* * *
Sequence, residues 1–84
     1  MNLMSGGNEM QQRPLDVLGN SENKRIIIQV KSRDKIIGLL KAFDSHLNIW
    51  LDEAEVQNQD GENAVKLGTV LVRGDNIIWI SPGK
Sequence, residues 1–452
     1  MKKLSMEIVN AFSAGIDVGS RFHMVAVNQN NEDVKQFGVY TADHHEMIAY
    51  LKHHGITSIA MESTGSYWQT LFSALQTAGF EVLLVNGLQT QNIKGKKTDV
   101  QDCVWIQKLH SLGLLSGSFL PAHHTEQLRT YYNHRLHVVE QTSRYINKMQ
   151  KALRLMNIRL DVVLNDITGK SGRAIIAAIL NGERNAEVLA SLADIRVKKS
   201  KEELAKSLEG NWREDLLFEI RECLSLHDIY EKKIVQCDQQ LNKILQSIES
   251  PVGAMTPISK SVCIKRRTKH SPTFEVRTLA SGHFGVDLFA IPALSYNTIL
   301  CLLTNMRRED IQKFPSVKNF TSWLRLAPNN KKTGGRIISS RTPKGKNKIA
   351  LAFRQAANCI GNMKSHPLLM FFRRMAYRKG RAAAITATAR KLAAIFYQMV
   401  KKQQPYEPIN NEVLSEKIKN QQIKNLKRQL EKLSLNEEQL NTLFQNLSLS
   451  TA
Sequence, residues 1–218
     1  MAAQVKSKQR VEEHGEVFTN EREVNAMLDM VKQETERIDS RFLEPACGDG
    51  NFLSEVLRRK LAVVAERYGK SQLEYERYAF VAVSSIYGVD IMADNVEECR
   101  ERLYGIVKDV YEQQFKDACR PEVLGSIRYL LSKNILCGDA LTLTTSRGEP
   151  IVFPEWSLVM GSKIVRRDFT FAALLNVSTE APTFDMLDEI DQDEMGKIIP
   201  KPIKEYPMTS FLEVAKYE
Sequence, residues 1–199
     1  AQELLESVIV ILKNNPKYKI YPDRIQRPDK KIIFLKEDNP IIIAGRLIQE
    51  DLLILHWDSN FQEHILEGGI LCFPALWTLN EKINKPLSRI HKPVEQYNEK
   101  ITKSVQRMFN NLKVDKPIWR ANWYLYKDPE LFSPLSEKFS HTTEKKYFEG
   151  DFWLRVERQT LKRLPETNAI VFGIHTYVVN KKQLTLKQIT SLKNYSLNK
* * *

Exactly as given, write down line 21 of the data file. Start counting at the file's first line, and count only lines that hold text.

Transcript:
Sequence, residues 1–199